THE TROUBLE WITH MBAs Business schools aren't giving them the skills employers need -- leading, creating, communicating -- so companies are doing it themselves, or looking elsewhere.
By Alan Deutschman REPORTER ASSOCIATE Sandra L. Kirsch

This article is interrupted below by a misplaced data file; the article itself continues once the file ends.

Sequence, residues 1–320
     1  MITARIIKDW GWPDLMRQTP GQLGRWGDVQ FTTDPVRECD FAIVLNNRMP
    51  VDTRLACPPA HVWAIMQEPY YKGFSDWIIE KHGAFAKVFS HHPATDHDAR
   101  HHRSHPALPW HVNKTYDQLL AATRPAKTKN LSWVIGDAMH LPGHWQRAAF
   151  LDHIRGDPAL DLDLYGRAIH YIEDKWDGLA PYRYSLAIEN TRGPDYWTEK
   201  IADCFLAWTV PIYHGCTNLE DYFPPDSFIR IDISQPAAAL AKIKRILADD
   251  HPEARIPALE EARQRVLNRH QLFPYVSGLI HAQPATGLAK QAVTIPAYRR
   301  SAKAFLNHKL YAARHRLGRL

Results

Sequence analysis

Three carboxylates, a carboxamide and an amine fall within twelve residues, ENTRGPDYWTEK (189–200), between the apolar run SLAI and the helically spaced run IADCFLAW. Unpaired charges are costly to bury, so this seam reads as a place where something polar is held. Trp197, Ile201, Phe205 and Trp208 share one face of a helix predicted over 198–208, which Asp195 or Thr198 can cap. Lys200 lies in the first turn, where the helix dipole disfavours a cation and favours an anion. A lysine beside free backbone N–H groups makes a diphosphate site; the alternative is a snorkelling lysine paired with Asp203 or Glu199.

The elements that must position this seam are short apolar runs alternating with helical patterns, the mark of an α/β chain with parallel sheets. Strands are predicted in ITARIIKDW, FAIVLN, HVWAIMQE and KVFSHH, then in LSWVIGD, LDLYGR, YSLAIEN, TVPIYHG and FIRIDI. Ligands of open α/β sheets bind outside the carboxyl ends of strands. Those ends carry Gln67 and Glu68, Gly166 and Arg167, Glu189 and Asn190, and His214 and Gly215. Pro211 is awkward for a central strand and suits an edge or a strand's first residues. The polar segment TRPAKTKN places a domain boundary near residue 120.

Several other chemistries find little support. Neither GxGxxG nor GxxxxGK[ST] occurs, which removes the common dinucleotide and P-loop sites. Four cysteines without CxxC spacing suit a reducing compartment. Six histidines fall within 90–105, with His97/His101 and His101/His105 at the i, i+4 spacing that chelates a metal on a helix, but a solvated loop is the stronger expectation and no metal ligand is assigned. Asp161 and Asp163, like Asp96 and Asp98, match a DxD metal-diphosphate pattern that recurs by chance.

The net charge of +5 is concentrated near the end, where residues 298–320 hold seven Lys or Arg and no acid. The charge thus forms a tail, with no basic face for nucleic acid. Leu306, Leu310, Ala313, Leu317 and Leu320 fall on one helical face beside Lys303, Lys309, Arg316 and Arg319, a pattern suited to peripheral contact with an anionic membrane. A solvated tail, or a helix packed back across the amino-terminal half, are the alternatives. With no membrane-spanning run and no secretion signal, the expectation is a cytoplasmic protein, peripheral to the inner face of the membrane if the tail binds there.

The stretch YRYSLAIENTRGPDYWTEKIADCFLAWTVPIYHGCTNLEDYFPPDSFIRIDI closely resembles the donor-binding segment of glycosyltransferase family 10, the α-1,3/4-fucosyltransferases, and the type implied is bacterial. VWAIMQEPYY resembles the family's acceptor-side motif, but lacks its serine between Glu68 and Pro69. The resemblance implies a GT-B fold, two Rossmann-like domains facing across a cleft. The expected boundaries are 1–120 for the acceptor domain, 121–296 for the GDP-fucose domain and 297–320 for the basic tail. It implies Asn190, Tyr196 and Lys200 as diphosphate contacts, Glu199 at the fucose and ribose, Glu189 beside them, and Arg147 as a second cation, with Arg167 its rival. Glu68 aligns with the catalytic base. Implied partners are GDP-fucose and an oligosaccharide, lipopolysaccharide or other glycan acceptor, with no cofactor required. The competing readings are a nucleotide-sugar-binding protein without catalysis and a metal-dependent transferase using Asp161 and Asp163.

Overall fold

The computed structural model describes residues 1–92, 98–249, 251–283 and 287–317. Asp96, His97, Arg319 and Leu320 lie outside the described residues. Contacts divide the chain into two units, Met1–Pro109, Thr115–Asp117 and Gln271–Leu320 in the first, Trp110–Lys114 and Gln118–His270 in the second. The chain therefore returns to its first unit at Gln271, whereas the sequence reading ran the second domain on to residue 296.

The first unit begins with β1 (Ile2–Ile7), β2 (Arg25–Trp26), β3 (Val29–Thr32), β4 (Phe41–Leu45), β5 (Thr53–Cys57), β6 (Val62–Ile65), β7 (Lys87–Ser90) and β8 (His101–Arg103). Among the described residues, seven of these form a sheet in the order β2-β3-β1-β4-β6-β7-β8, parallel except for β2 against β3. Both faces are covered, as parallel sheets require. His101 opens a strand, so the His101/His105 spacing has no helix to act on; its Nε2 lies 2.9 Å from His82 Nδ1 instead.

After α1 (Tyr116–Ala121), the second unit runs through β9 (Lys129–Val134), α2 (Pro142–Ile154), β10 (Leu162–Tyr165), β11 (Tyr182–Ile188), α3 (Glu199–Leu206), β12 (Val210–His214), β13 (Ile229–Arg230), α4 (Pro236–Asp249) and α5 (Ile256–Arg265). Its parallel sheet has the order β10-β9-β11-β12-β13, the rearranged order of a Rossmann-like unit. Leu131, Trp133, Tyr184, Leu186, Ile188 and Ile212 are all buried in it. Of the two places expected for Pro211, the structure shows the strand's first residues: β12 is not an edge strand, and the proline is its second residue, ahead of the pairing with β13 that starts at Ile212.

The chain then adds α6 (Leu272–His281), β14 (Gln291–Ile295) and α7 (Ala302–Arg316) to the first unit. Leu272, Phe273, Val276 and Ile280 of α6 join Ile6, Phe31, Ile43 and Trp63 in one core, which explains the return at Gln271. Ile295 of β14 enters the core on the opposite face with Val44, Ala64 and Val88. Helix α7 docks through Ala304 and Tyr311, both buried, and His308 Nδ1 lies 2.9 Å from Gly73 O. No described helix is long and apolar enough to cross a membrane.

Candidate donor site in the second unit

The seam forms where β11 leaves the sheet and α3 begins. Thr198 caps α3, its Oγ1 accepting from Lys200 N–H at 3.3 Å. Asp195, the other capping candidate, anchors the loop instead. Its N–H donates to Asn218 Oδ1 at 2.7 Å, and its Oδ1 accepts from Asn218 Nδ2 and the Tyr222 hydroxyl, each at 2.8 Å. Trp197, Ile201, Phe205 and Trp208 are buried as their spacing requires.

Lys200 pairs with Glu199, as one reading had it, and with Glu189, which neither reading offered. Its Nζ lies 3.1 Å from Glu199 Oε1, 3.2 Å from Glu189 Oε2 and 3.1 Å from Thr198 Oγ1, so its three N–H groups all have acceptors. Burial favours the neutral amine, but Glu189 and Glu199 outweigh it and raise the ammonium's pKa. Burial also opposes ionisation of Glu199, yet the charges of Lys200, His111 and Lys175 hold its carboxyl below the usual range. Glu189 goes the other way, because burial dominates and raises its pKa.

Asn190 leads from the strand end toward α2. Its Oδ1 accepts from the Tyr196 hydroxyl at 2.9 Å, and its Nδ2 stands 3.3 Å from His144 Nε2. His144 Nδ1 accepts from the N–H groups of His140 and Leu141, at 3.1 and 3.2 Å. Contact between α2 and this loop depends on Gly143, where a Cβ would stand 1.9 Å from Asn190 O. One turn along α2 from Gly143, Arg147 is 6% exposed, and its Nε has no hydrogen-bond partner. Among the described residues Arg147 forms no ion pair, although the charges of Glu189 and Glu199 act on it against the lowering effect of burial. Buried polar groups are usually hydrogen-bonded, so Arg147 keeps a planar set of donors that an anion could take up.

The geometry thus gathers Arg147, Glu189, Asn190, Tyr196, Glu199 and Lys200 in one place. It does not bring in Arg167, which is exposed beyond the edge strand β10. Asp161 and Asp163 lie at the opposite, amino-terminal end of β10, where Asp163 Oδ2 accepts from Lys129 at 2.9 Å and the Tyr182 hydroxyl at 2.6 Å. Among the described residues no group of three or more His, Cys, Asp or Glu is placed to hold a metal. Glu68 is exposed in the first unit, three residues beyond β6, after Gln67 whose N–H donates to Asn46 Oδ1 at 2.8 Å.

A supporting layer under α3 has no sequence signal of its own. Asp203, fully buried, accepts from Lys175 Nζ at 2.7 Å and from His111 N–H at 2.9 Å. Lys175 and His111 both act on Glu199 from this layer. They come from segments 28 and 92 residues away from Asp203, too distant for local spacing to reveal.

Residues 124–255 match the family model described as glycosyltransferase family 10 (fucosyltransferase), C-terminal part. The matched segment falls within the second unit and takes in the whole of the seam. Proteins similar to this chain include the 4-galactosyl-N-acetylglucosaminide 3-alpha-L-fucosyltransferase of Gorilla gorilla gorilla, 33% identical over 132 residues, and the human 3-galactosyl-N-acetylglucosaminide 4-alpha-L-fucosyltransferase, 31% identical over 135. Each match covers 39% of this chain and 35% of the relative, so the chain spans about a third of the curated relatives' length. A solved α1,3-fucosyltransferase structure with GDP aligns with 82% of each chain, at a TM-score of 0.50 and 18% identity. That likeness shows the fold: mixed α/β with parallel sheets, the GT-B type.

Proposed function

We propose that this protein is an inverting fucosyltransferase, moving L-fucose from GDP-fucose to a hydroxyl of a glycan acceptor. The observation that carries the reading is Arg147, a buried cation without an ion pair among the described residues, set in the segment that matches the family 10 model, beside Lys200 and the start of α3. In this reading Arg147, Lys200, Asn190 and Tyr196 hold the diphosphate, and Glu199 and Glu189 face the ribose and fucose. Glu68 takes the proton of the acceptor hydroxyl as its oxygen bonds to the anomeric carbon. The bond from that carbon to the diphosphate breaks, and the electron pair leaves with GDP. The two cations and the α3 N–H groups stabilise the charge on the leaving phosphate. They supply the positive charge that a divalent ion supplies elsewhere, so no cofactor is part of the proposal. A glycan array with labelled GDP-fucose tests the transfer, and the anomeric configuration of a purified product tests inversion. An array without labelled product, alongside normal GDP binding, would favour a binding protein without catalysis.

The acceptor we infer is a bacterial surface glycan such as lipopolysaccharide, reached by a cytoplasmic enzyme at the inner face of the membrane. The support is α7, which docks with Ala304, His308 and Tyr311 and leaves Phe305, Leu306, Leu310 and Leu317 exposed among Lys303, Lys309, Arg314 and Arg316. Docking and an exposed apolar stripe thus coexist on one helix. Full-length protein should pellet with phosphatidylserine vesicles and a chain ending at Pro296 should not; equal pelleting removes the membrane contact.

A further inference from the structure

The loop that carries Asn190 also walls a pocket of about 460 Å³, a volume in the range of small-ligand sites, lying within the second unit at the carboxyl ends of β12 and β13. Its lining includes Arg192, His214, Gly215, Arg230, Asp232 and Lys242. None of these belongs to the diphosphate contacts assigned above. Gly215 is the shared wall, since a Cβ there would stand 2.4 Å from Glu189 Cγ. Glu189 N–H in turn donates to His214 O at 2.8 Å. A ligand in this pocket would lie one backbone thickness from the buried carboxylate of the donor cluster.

(FORTUNE Magazine) – ROGER KATZ, Wharton MBA class of '91, personifies the idealistic, articulate, creative, technologically hip, and withal modest souls that business schools are striving so desperately to turn out. The Michigan native earned a prior master's in transportation engineering from the University of California at Berkeley and analyzed air-traffic control communications for Bell Labs. At Wharton he teamed with a classmate to start a software venture. Between terms he helped create a job training program for the disabled in San Miguel de Allende, Mexico. The surprise is that Katz, 27, graduated without a job. He did get an offer from United Airlines, but the company's bureaucratic ways turned him off, and the prospective $47,000 annual salary was only $2,000 more than he earned in his last year at Bell Labs. Even with a $5,000 signing bonus, the offer was out of line, he says, given his experience and two graduate degrees. In June, after graduation, he headed to California, parlaying his contacts into interviews with small firms in computers, video, and film. Katz belongs to a growing cadre of MBAs driven by choice or necessity to seek their fate outside the corporate establishment. In 1991 only about half the students from top schools are taking jobs with companies that recruit on campus, the P&Gs or McKinseys that have long represented career Golconda. Increasingly MBAs must search in the hidden job market (Hello, Uncle Herbert?), a disturbingly infra dig undertaking for folks who just paid $70,000 for what they thought was the heights. A temporary embarrassment caused by the recession? Hardly. ''It's the beginning of the way life is going to be,'' says Maureen McNulty, director of career placement at the Stanford business school. ''There's so much consolidation at firms. We can't be passive and rely on the traditional players.'' In a speech to executives from companies with under $40 million a year in sales and fewer than 500 employees, she said: ''The most important message I can give you from the Stanford placement office is, we're cheap and easy . . . organizationally. We want to work with you, and we're easy to work with.'' Stanford and its ilk, which long seemed intimidating to smallish enterprises, are in essence declaring, Please fax us a job posting -- our MBAs will come to you. A HARD LOOK at what business schools are turning out suggests that it's little wonder that employers aren't clamoring for the product. The sad fact gradually dawning on both employers and academicians: Business education has become largely irrelevant to business practice. Corporate recruiters complain that MBAs lack creativity, people skills, aptitude for teamwork, and the ability to speak and write with clarity and conciseness -- all hallmarks of a good manager. Blame their teachers, in part: Professors seeking promotion churn out scholarly articles but somehow let the pivotal management concepts of the Eighties get past them. ''Business schools completely missed the quality revolution,'' observes Robert Kaplan, a professor at Harvard business school. They remain oblivious to time-based competition and breakthroughs in technology and information management, he maintains. Who needs managers who have just spent two years with such an out-of-date crowd? In response to the problem, business schools have begun trying to change how and what they teach, groping for relevance. It may be too late. Traditionally more than half of all MBA candidates have studied part time, often while their employers paid the tuition. But smart companies are following the model of General Electric and increasingly training their own managers in lieu of shipping them off to campus. In the mid-1980s Westinghouse abandoned B-schools that didn't teach quality in a big way. Harvard's Kaplan argues that GE's in- house corporate training is more relevant to current business practices than a typical MBA program. So why pay a premium to hire MBAs, he asks, when you can snatch the brightest students with bachelor's degrees in engineering or liberal arts, then teach them what they really need to know about business? Says John Rosenblum, dean of the University of Virginia's Darden School: ''Companies are going from being our customers to our competitors.'' Even the McKinsey & Co. consulting firm, which collects top-flight MBAs the way Madonna collects undergarments, is rethinking its ways. Terry Williams, the senior partner in charge of recruiting, says: ''We may have to extend our search into engineering schools, law schools, journalism schools, even employers like the Federal Reserve banks or congressional staff committees. The pool of people with the right age will diminish 15% in the coming years.'' The last of the baby-boomers, age 27, are just entering business schools now. McKinsey hired 226 consultants overseas last year -- predominantly foreign nationals, many without MBAs -- vs. 180 in the U.S. Says Williams: ''We've observed there's more to life than MBAs.'' Remarkable notions from a firm that's willing to pay top dollar and thus can take its pick of the MBA litter. But Williams thinks business schools will attract a declining share of the people who ''will become leaders and have an unusual number of ideas. The top talent at universities is often richer in skills and long-term potential than at business schools. If you look just at those who go on to business schools, you've lost a large percentage of the truly outstanding renaissance people who could be great at anything.'' Now that industrial companies and professional firms like McKinsey are doing so much of their own training, Williams asks: ''What's the purpose of the MBA degree? Hiring from universities is a growth business. The MBA degree must fight fiercely for its viability.'' Traditionally, going to B-school has been a bit like doing an LBO of yourself, except that the interest on tuition loans isn't deductible. The pressure they feel for fast payback has led MBAs to make intense demands of their employers, demands that are meeting steadily increasing resistance. These high expectations have been exacerbated by ever fiercer competition for admission, which favors older types willing to give up impressive first careers. Stanford's applications nearly doubled in the past 20 years, from 2,321 to 4,057, for the same 330 spots. Only one member of the class of '91 got in directly from college. The typical student entered after five years of full-time work and graduated at 29. A few companies have had the smarts to take advantage of this enhanced maturity. General Mills is hiring fewer MBAs into its restructured ranks but using them more shrewdly: ''We used to have a traditional structure with a lot of layers and supervision of new people,'' says Steve Sanger, president of the cereal division. ''New MBAs tended to do things that didn't tap their initiative -- legwork exercises such as getting a bunch of people in various departments to sign off on a new packaging design. Now an MBA typically has responsibility for a brand the day he walks in. Our MBAs feel much more challenged right away. There's still a strongly ambitious aspect to most MBAs, but their expectations are more consistent with the nature of the job.'' UNFORTUNATELY, most companies aren't nearly as comfortable confronting MBAs' turbocharged demands. AT&T wants to recruit more B-school grads for stints in sales, hawking long-distance services or interoffice networks. The laudable idea: Get MBAs as close as possible to the customer for a while before the young hotshots move on to assignments in strategic planning or international management. Connie Rose, an AT&T national recruiting manager, concludes ''it's a hard sell,'' though, because MBAs would have to get by on a salesperson's pay for 18 to 24 months. Rose says the aging of MBA grads has ''without a doubt'' increased pressures for higher salaries. As yet AT&T hasn't found its way clear to tap MBAs for more highly skilled, self-starter roles. Rose leads a 12-person committee that is rethinking how the giant company uses MBAs -- and whether it makes more sense to hire BAs and BSs instead. The committee recently surveyed AT&T vice presidents in fiefdoms sporting the company's highest concentrations of MBAs. The VPs said they like the maturity of their business school grads (at least compared with 22-year-olds) but find them less than terrific at managing people and working in teams. The elusive proficiencies long derided by deans and dons as ''soft skills'' are exactly what companies are coming to want most from managers -- and what B-schools, mired in arcane scholarship, seem least suited to instill. In a 1990 survey conducted by the University of Pittsburgh's Katz business school, recruiters from big companies (average size: 50,000 employees) cited communications skills as their No. 1 criterion in choosing MBAs. The key abilities MBAs need on the job, the survey revealed: working effectively with others, making written and oral presentations, thinking and acting entrepreneurially, and managing people. (Note: nothing here about sophisticated theoretical knowledge.) When the recruiters were asked ''What one improvement would you suggest to deans concerning their MBA programs?'' teaching the soft skills came in a close second behind instilling ''more realistic expectations of the first job.'' MAJOR BUSINESS schools including Wharton, Columbia, and Chicago have finally undertaken serious market research to determine what their customers want -- and whether they are delivering it (short answer: no). Wharton interviewed over 1,000 recruiters, alumni, and executives, who found MBAs least skilled in dealing with people, leadership, teamwork, negotiating, communicating, and creativity. Professor Yoram ''Jerry'' Wind, director of the study, detected ''enormous dissatisfaction'' with MBAs who have to work outside their functional specialties -- the inscrutable, formula-mumbling quant jock, say, who finds himself abruptly promoted to general manager. It used to be that this transition from geek and grind to general manager didn't occur until someone was out of college for around 15 years, says John Gould, dean of the University of Chicago business school. Now it's more likely to take only three to seven years, he calculates, because companies are less hierarchical and more fragmented into small business units where managers make their own decisions. Wharton is following up its study by testing a throughly revamped curriculum -- you guessed it: more soft skills, everything with an eye toward globalism -- on 130 of its 750 incoming students. When the sun rises on August 6, these randomly chosen campus newbies will sweat through their first required class: daily aerobics (7 A.M.). With the fall term still a month away, the so-called experimental students check in for the ''pre-entry program,'' a.k.a. MBA Camp, which on paper at least sounds like a sort of Club Med for overachievers: barbecues, picnics, blowout parties, intramural Olympics; Phillies games; pleasure trips to Manhattan, the Pocono Mountains, the Jersey shore. (Build peer relationships.) Seminars on art history and architecture. (Creativity . . . Explore diverse modes of thinking.) What about studying business? Yes, there are cram courses in the quantitative stuff that MBAs used to spend all year plodding through: accounting, economics, statistics, computers. But students can take waiver tests and get those old-hat requirements out of the way before September, in time to focus on business simulation games and interactive-video peer- personality assessments and quickie six-week trendoid minicourses (Geopolitics, Teamwork, Change) and four-week class trips to Japan or Germany. ''This is the first time any curriculum is really responsive to market requirements,'' boasts Wind. ''Historically, we the faculty always 'knew' what the student should study and how.'' He also volunteers a disquieting note: Rigorous scholars really don't know much, if anything, about all this trendy stuff on the supposedly softer side. ''We don't have a theory of leadership that's widely accepted, especially in different cultures or multicultural teams,'' he says. No wonder, then, that much of the new learning oozing into B-school curriculums is developed by outside contractors or by students themselves and has little to do with professors or academic models. Many a dean has taken notice of Chicago's new mainstay course on leadership, negotiation, communications, self-awareness, and ethics, which has been wildly popular with students since its introduction in 1989. Students design and run the required course, sending themselves to get lost in the woods on Outward Bound trips, for example, or hiring the Second City comedy troupe to teach them to be funnier and more spontaneous. No one thinks it's just coincidence that Chicago rose from a disheartening No. 11 in Business Week's 1988 rankings of MBA programs to No. 4 in 1990. Now Wharton is contracting with Outward Bound too. ''The Chicago example is scary,'' says Richard West, dean of New York University's Stern business school. ''To think that in two years a single nongraded course could have that much impact ((in the ratings)). It could cause faculty to say that all along we only needed to keep students happy somehow.'' Business Week, it should be noted, relies heavily on polls of a school's latest graduating class, turning the exercise into something of a feel-good contest; its survey doesn't bother to question alumni years after graduation, who might be able to judge better the value of their training. Much of the rush to revitalize B-school programs results from fear and envy over the ratings published since 1987 by U.S. News & World Report (which canvasses academics and CEOs) and since 1988 by Business Week (which surveys recruiters and the latest graduates). The attention they get casts a terrible spell over deans as well as would-be MBAs. Back when students applied during senior year of college, B-schools could court them by dispatching road shows to campuses. Now the magazines' rankings are gospel for hordes of applicants, many of them far from their college campuses, who are too busy to conduct their own research. THE RANKINGS FRENZY is making deans resort to deceptive tactics. Business schools used to discourage applications from wanna-bes who didn't have a decent chance of getting in: Harvard's intimidating application requires nine essays. Now schools are doing just the opposite because the more candidates who apply only to get dinged or hosed (studentspeak for rejected), the higher the schools place on the U.S. News chart. NYU's Dick West predicts schools will make applications easier and some may even waive the fee. Quips an associate dean at another school: ''We'll get our acceptance rate down even if we have to pay people to apply.'' Foreign students, mere tokens not long ago, now fill one-quarter of the slots at top-tier U.S. schools, which rushed to admit French and Japanese applicants as a shortcut toward ''internationalizing'' the MBA experience. Since 1985 Columbia's foreign cohort has risen from a low of 10% to 24% of the student body. For its incoming class, applications from the U.S. fell 2% and those from abroad rose 17%. Foreigners, very few of whom require scholarship assistance from the institutions that enroll them, could become almost as pervasive at American business schools as they are at graduate engineering schools. The increase in foreign students coincides with an increased emphasis on international business, but infusing the curriculum with a global view is a lot harder than filling the classrooms with native German speakers. While deans push hard to get international materials integrated into virtually all courses, schools have been dispatching squadrons of MBAs on foreign study trips. Columbia dean Meyer Feldberg says students value the experience more if they plan the excursions on their own. It's also common for students to foot a large part of the bill, as did 13 Darden students who visited the Soviet Union last term. Foreign language training has become another hot item. Pittsburgh's Katz School offers three-week intensive courses in French, Spanish, German, and Japanese (really, now). Wharton is introducing Berlitz-style courses too. But will the international emphasis make MBAs any more attractive to employers? Corporate demand for global managers is real -- General Mills, for instance, recognizes that its MBA hires must prove capable of working with the managers of its European joint venture with Nestle. But it's hard to see most of these B-school programs as more than superficial attempts to appease employers' serious pleas for global perspective. NOR HAVE BUSINESS schools really figured how to cope with the Eighties- induced concern about ethics. Jerry Zoffer, dean of Pitt's Katz School, says a major moral issue in the burgeoning field of management information systems (MIS) is invasion of privacy, but doctoral candidates at top schools -- the students who become tomorrow's business school faculty -- don't even study it. Ethics is now a required course at the Harvard business school; it's also the only course there that isn't graded. Harvard students say that in other courses it has become more acceptable to use ethics as the topic of ''chip shots'' -- throwaway lines that assure you won't flunk on class participation. In skills such as writing, speaking, and foreign languages, the B-schools are forced to compensate for the many sins of American high schools and colleges, in effect supplying remedial instruction. This is an unseemly position for elite graduate schools that became even more fiercely selective in the Eighties. ''It's appalling that we have to put people on the payroll who help others with their English, but we do,'' says Zoffer of the Katz School. He says it's ''relatively rare'' to find entering students who can persuade others of their opinions and write concise explanations. Whatever their preparation, some MBA candidates work much harder while on campus than others: NYU's West compared the hours of required class time at top schools and found a huge gap. ''Contact hours'' between professors and students ranged from nearly 1,000 to the low 500s. The low-hour schools got that way by allowing an orgy of faculty selfishness, paring teaching loads to free up time for research, which pursuit leads to tenure and prestige within the profession. West's school, NYU, which came out on the low side, will increase the teaching hours required of faculty 40% by autumn 1992. That change betokens a war that has broken out between the deans, newly infused with sensitivity to the market, and the dons, whom some deans view as barriers to change. Why is Wharton trying out its new curriculum on only a sixth of the entering students? One reason: It has to ask only a sixth of the faculty to ''tear up their notes and start all over,'' says vice dean David Reibstein. Later the more closed-minded teachers can crib notes from these innovators. Dick West enlarges on the theme: ''You don't choose at random who teaches in your core anymore. You get the best.'' Why are business school academicians so alienated from their students? West points out that professors rarely get MBAs enroute to their Ph.D.s -- Harvard is a notable exception -- following instead a more scholarly track. Nor did most professors ever intend to become business people. Since the scholars aren't ''educated and socialized into the profession,'' West says, they have little sense of identification with their pupils: ''Your 'workers' don't know much about the 'product.' '' In contrast, future med-school professors go to med school, hang out with classmates, and share thoughts and fears about life ahead as a physician. THERE SEEMS an even greater distance between the concerns of B-school professors and those of corporate America, as evidenced by an extraordinary address to April's annual meeting of the American Assembly of Collegiate $ Schools of Business, the accreditation group, by Harvard's Kaplan. He searched Baker Library for recent scholarship on quality, he reported, looking in the most obvious place, journals of operations management. The score: one year, four leading publications, 35 issues, 278 articles, and a big zero articles on quality. Why? Kaplan cites the comments of professors who attended a Xerox quality forum and thus presumably had at least some vague interest in the topic. The academics said there's no ''hard'' evidence that quality management works, and besides, the tenure and promotion process rewards them for being functional specialists, not generalists. Kaplan argues that ''in some fields 20 to 25 years of academic business school research has yielded little or no fundamental knowledge relevant for managing contemporary or future business organizations.'' He predicts that only after B-schools lose market share to corporate training programs and European competitors will the ''pain of irrelevancy'' lead to real reform. By then, he concludes in academese, ''business schools, like other declining U.S. industries that adjusted slowly to environmental, technological, and competitive changes, will find it difficult to survive at the same scale of industry share and margins.''